Memory problems are typically one of the first signs of Alzheimer’s, though initial symptoms may vary from person to person. A decline in other aspects of thinking, such as finding the right words, vision/spatial issues, and impaired reasoning or judgment, may also signal the very early stages of Alzheimer’s disease. Mild cognitive impairment (MCI) is a condition that can be an early sign of Alzheimer’s, but not everyone with MCI will develop the disease.
People with Alzheimer’s have trouble doing everyday things like driving a car, cooking a meal, or paying bills. They may ask the same questions over and over, get lost easily, lose things or put them in odd places, and find even simple things confusing. As the disease progresses, some people become worried, angry, or violent.
How Alzheimer’s Changes the Brain
How long can a person live with Alzheimer’s disease?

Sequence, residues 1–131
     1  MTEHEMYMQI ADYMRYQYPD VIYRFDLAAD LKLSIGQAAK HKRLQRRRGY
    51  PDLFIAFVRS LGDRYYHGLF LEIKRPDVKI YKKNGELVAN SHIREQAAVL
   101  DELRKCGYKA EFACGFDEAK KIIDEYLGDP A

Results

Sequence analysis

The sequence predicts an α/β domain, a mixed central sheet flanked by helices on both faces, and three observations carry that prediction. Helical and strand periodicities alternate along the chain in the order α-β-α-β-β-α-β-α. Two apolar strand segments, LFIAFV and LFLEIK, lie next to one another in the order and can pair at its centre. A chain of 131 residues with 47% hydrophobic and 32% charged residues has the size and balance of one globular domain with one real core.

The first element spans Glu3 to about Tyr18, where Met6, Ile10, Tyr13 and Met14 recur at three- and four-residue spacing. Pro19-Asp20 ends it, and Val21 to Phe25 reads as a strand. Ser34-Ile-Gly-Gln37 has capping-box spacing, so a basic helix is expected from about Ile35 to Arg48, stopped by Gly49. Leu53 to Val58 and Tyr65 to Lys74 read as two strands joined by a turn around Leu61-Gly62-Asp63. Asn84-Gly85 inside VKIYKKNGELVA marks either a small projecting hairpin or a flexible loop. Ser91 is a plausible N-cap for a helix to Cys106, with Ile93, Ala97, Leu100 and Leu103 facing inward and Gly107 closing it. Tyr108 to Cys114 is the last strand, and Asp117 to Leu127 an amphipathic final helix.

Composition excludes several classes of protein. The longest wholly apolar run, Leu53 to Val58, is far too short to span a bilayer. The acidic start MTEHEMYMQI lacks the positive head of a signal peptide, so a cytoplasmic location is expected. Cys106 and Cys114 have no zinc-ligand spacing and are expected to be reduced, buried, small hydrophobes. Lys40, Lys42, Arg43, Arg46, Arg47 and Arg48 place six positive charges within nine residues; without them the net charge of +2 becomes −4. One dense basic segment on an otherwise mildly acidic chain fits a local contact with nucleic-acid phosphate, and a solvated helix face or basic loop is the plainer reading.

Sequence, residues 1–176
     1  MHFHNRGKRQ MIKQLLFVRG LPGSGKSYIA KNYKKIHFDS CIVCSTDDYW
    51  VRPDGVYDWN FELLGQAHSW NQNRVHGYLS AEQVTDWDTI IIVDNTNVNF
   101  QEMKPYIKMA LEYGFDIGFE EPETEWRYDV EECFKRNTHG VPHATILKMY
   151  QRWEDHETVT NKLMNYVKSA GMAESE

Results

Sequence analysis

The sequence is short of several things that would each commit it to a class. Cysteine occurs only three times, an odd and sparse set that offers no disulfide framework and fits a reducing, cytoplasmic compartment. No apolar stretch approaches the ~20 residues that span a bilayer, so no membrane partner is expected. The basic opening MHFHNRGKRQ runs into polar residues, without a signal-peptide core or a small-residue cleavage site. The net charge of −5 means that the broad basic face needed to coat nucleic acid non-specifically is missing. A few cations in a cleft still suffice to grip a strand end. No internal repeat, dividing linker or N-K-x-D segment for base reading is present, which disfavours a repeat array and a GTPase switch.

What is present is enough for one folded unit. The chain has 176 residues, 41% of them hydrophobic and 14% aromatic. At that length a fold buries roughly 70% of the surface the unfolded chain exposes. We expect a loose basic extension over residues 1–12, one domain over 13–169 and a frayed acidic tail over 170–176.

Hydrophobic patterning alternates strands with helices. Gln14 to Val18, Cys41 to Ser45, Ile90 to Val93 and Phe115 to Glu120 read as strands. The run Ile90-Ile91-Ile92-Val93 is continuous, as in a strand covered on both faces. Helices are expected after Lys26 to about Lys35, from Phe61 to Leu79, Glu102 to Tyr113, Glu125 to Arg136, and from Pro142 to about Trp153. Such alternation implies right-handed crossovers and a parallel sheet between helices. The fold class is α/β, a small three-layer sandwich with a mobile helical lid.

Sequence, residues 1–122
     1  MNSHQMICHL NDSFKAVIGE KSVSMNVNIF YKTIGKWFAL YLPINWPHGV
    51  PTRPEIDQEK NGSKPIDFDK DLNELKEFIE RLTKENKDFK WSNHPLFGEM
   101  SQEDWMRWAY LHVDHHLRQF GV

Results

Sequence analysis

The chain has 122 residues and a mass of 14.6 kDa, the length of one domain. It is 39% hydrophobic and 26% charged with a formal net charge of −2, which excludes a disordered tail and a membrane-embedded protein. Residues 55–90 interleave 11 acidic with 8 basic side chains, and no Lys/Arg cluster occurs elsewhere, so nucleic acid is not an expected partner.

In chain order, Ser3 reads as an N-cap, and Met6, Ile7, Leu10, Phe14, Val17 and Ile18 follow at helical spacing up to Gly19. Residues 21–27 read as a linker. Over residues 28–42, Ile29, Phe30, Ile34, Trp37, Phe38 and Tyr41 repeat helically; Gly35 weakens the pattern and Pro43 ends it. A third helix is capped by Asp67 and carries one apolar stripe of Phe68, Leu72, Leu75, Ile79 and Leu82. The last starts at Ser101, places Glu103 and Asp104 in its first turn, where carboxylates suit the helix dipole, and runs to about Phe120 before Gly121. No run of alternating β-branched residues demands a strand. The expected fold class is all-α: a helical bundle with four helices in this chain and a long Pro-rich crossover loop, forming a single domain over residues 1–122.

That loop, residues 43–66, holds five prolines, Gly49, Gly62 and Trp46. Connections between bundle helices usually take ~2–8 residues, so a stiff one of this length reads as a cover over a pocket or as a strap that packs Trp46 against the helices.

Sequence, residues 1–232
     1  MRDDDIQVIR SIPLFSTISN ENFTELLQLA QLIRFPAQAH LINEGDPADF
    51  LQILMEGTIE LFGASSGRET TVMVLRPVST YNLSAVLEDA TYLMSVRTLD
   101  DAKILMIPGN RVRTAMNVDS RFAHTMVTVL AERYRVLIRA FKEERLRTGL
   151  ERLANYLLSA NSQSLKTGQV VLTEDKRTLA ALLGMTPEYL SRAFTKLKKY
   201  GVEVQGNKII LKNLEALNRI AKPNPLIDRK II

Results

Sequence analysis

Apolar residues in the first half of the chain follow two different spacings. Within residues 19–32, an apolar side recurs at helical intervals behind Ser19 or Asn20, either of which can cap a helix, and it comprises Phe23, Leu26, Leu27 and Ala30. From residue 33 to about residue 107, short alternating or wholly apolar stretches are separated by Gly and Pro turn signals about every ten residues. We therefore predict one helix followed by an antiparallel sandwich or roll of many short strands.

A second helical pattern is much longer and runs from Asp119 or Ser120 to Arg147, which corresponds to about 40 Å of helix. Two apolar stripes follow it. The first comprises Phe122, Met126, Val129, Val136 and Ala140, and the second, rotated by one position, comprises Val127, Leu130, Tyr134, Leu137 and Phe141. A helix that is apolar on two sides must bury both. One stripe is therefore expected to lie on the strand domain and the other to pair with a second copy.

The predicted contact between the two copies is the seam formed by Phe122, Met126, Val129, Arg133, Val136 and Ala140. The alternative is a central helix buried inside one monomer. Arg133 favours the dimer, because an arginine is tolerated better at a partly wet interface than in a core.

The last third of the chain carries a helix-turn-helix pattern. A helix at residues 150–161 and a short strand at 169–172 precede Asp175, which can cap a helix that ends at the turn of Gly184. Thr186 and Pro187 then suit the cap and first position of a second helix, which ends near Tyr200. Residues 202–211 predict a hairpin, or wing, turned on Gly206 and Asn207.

The time from diagnosis to death varies — as little as three or four years if the person is older than 80 when diagnosed, to as long as 10 or more years if the person is younger.
Alzheimer’s disease is currently ranked as the sixth leading cause of death in the United States, but recent estimates indicate that the disorder may rank third, just behind heart disease and cancer, as a cause of death for older people.
Currently, there is no cure for Alzheimer’s disease, though there has been significant progress in recent years in developing and testing new treatments. Several medicines have been approved by the U.S. Food and Drug Administration to treat people with Alzheimer’s.
Learn more about how Alzheimer’s disease is treated.
Understanding Different Types of Dementia
Dementia is an umbrella term used to describe a range of neurological conditions affecting the brain that get worse over time.
As we age, it’s normal to lose some neurons in the brain. People living with dementia, however, experience far greater loss. Many neurons stop working, lose connections with other brain cells, and eventually die. At first, symptoms can be mild, but they get worse over time.
Read on to learn more about four different types of dementia.
Types of dementia